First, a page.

Atrial Myocyte Function and Ca2+ Handling Is Associated with Inborn Aerobic Capacity
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Original versionPLoS ONE 2013, 8(10) 10.1371/journal.pone.0076568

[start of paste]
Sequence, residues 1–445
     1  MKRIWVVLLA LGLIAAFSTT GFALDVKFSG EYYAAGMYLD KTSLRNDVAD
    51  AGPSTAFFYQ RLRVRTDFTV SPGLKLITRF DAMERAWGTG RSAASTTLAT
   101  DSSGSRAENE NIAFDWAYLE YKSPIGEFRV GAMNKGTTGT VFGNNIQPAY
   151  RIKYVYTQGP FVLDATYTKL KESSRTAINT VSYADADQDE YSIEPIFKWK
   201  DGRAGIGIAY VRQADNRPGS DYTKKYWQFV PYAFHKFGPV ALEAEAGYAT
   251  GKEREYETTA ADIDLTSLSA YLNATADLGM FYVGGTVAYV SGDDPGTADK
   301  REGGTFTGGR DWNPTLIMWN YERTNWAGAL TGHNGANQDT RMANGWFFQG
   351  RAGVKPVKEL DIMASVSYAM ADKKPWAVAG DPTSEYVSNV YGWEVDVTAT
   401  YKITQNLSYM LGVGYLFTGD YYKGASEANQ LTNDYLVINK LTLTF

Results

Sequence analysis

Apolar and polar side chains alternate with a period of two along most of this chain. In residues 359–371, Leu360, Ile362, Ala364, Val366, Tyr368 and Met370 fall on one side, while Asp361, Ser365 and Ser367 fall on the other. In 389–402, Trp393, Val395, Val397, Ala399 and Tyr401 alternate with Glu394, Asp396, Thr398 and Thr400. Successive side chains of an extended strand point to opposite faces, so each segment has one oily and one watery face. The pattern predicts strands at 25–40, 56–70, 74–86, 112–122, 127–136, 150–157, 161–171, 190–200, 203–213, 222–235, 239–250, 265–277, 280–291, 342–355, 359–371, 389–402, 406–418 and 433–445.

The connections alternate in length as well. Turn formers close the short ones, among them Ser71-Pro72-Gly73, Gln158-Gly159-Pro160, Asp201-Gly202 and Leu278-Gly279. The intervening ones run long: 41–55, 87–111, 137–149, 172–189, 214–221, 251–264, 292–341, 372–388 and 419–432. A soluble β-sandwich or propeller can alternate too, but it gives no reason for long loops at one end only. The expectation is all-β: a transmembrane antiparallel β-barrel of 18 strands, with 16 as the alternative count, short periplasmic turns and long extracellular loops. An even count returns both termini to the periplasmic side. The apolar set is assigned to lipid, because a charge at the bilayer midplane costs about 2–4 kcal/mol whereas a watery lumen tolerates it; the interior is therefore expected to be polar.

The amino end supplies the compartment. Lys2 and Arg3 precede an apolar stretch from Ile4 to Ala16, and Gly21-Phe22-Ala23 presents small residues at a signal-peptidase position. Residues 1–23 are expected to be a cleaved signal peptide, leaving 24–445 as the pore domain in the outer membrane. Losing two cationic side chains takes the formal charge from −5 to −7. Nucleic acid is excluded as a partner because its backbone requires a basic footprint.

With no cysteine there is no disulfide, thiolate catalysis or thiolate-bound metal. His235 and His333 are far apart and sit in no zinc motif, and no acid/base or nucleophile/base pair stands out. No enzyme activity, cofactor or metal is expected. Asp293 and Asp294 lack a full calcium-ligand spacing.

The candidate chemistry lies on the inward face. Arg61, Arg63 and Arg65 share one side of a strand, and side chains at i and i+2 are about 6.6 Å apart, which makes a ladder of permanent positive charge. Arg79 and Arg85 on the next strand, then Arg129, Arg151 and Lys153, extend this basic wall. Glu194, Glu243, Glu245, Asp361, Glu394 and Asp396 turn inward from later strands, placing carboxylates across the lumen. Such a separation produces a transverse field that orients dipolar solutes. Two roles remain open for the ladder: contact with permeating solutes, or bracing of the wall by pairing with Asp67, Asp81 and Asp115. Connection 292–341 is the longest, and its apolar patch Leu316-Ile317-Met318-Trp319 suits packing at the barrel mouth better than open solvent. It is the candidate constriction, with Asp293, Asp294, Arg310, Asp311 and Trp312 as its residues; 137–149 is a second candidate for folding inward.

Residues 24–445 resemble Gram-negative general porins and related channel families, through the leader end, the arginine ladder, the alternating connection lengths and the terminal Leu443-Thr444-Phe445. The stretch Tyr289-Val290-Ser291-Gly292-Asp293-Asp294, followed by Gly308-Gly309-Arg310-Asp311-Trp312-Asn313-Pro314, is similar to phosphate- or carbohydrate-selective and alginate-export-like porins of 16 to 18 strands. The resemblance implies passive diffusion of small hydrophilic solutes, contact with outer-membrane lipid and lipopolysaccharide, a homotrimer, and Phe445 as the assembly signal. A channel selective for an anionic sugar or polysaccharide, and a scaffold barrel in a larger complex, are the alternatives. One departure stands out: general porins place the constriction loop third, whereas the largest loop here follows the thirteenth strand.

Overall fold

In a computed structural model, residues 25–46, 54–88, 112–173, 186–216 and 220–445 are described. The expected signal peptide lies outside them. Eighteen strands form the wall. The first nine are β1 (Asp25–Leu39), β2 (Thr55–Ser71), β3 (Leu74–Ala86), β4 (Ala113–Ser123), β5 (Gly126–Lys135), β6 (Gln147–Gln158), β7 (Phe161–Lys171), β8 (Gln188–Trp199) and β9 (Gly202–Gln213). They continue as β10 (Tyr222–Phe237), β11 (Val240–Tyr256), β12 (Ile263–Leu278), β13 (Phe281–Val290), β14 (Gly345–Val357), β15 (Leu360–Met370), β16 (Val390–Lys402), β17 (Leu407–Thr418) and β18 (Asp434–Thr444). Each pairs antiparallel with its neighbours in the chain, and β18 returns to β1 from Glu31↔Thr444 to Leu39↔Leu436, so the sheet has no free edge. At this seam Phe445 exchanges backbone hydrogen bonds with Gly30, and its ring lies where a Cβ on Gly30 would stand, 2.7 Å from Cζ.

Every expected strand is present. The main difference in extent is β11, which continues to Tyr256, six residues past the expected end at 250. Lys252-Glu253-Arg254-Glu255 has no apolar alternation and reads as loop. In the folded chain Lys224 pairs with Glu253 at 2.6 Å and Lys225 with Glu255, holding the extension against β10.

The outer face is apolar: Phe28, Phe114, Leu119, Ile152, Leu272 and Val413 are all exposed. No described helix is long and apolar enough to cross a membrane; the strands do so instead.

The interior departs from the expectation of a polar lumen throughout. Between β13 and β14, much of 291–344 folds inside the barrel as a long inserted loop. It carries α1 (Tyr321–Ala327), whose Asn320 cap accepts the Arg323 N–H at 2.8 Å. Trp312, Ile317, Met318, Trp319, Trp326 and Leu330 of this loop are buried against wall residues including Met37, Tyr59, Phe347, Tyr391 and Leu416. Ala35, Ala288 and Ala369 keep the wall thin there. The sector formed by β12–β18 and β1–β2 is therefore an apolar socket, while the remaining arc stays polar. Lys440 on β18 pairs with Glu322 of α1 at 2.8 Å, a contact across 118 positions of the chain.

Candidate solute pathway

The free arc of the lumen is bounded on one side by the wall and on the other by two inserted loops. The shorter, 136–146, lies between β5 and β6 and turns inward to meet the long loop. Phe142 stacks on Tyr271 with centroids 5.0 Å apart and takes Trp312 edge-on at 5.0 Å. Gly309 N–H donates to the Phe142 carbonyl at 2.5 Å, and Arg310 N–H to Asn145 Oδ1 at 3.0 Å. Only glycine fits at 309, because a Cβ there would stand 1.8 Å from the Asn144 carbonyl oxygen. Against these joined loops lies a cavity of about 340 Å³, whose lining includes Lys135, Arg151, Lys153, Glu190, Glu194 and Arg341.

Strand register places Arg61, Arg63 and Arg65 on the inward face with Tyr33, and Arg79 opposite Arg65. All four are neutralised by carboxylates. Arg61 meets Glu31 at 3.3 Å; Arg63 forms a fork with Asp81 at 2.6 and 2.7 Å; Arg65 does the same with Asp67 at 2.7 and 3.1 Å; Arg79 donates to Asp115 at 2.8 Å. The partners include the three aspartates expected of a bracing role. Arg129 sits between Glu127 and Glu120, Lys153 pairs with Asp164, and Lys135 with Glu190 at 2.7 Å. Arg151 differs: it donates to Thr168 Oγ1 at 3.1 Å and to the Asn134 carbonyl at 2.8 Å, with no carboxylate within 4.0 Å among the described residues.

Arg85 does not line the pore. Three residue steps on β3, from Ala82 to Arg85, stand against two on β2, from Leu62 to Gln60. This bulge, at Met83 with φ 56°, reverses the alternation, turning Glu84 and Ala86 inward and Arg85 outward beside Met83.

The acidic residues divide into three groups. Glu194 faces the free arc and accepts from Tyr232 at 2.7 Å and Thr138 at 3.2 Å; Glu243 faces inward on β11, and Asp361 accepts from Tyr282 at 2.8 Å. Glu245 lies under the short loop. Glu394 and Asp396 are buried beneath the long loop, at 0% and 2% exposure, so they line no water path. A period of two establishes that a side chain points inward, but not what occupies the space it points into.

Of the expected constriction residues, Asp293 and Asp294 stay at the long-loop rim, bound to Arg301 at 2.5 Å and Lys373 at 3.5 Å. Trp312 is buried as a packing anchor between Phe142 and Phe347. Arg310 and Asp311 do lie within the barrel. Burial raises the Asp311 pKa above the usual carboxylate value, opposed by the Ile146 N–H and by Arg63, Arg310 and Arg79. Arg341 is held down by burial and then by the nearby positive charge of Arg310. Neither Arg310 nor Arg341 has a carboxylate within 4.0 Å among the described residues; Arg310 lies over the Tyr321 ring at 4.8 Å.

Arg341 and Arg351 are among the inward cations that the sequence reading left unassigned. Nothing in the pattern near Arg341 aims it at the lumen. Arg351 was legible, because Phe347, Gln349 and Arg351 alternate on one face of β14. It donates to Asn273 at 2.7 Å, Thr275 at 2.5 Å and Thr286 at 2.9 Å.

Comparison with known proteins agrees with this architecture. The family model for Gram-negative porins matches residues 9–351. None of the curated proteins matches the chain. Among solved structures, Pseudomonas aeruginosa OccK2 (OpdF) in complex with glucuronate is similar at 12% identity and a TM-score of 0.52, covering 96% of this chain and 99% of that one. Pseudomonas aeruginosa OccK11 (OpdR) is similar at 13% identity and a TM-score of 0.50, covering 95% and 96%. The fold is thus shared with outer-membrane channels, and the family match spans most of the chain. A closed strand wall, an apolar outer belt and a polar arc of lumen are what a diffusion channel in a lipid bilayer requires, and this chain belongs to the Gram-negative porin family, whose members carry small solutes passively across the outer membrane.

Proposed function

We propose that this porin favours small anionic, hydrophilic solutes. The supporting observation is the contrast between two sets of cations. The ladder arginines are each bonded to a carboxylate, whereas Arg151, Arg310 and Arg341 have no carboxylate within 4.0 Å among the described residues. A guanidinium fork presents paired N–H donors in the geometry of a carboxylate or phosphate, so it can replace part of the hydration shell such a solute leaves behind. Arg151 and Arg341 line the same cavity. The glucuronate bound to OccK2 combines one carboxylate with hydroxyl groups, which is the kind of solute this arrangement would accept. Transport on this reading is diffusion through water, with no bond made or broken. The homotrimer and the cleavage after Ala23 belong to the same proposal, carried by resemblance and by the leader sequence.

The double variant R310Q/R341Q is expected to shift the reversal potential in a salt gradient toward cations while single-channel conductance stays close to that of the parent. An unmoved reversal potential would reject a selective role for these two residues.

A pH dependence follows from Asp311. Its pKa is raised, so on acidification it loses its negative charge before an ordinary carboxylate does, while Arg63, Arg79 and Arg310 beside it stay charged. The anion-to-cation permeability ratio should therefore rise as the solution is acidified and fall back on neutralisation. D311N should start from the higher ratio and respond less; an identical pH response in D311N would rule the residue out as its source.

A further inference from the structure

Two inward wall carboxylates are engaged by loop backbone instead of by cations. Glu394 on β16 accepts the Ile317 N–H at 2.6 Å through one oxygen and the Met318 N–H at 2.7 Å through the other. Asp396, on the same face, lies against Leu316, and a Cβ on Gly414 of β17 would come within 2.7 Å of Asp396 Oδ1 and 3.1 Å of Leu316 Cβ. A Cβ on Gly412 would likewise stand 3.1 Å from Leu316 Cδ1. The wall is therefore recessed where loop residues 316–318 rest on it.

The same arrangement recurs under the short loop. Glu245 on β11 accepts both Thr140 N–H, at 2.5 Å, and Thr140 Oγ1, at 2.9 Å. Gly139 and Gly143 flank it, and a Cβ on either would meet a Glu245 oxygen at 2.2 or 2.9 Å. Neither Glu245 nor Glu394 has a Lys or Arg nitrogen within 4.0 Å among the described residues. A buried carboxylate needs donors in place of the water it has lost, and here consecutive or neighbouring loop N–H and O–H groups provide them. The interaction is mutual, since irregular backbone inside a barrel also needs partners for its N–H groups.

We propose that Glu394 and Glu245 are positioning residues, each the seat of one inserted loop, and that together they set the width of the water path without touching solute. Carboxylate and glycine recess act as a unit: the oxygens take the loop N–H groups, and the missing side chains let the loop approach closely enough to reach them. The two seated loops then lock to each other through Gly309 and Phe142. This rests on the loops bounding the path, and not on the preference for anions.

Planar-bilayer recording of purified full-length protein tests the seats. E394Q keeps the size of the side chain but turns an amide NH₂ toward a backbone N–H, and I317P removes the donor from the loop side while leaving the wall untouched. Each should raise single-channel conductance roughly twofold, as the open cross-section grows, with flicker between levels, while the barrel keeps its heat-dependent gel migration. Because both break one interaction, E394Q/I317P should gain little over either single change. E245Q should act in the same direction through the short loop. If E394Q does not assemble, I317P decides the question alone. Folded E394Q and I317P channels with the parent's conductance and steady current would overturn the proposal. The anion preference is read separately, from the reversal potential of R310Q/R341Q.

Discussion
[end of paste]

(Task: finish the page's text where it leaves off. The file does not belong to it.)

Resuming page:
Background: Although high aerobic capacity is associated with effective cardiac function, the effect of aerobic capacity on atrial function, especially in terms of cellular mechanisms, is not known. We aimed to investigate whether rats with low inborn maximal oxygen uptake (VO2 max) had impaired atrial myocyte contractile function when compared to rats with high inborn VO2 max. Methods and Results: Atrial myocyte function was depressed in Low Capacity Runners (LCR) relative to High Capacity Runners (HCR) which was associated with impaired Ca2+ handling. Fractional shortening was 52% lower at 2 Hz and 60% lower at 5 Hz stimulation while time to 50% relengthening was 43% prolonged and 55% prolonged, respectively. Differences in Ca2+ amplitude and diastolic Ca2+ level were observed at 5 Hz stimulation where Ca2+ amplitude was 70% lower and diastolic Ca2+ level was 11% higher in LCR rats. Prolonged time to 50% Ca2+ decay was associated with reduced sarcoplasmic reticulum (SR) Ca2+ ATPase function in LCR (39%). Na+/Ca2+ exchanger activity was comparable between the groups. Diastolic SR Ca2+ leak was increased by 109%. This could be partly explained by increased ryanodine receptors phosphorylation at the Ca2+-calmodulin-dependent protein kinase-II specific Ser-2814 site in LCR rats. T-tubules were present in 68% of HCR cells whereas only 33% LCR cells had these structures. In HCR, the significantly higher numbers of cells with T-tubules were combined with greater numbers of myocytes where Ca2+ release in the cell occurred simultaneously in central and peripheral regions, giving rise to faster and more spatial homogenous Ca2+-signal onset. Conclusion: This data demonstrates that contrasting for low or high aerobic capacity leads to diverse functional and structural remodelling of atrial myocytes, with impaired contractile function in LCR compared to HCR rats.